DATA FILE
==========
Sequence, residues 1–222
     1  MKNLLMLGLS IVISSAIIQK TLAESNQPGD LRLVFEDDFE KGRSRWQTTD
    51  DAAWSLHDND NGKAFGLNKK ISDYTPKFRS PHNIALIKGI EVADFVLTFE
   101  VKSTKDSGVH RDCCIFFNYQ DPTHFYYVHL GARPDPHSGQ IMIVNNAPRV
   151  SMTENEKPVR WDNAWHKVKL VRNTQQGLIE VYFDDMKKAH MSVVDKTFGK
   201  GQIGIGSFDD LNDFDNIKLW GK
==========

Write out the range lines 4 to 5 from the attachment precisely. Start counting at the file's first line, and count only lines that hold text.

   101  VKSTKDSGVH RDCCIFFNYQ DPTHFYYVHL GARPDPHSGQ IMIVNNAPRV
   151  SMTENEKPVR WDNAWHKVKL VRNTQQGLIE VYFDDMKKAH MSVVDKTFGK